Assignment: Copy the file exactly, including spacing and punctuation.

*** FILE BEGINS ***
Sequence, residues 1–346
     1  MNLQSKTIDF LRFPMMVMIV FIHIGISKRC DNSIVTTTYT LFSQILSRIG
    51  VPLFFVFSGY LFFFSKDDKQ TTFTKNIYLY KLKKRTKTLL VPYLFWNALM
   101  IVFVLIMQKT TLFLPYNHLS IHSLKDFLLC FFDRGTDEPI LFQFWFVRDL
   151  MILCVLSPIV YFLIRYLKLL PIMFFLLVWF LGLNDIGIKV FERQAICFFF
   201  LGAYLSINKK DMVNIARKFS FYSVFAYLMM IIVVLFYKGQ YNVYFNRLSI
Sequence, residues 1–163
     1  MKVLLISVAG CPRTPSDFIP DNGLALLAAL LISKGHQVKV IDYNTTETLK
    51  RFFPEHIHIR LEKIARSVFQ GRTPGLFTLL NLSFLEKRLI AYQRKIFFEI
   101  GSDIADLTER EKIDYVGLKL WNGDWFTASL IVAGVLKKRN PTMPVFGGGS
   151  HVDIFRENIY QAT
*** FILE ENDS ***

Sequence, residues 1–346
     1  MNLQSKTIDF LRFPMMVMIV FIHIGISKRC DNSIVTTTYT LFSQILSRIG
    51  VPLFFVFSGY LFFFSKDDKQ TTFTKNIYLY KLKKRTKTLL VPYLFWNALM
   101  IVFVLIMQKT TLFLPYNHLS IHSLKDFLLC FFDRGTDEPI LFQFWFVRDL
   151  MILCVLSPIV YFLIRYLKLL PIMFFLLVWF LGLNDIGIKV FERQAICFFF
   201  LGAYLSINKK DMVNIARKFS FYSVFAYLMM IIVVLFYKGQ YNVYFNRLSI
Sequence, residues 1–163
     1  MKVLLISVAG CPRTPSDFIP DNGLALLAAL LISKGHQVKV IDYNTTETLK
    51  RFFPEHIHIR LEKIARSVFQ GRTPGLFTLL NLSFLEKRLI AYQRKIFFEI
   101  GSDIADLTER EKIDYVGLKL WNGDWFTASL IVAGVLKKRN PTMPVFGGGS
   151  HVDIFRENIY QAT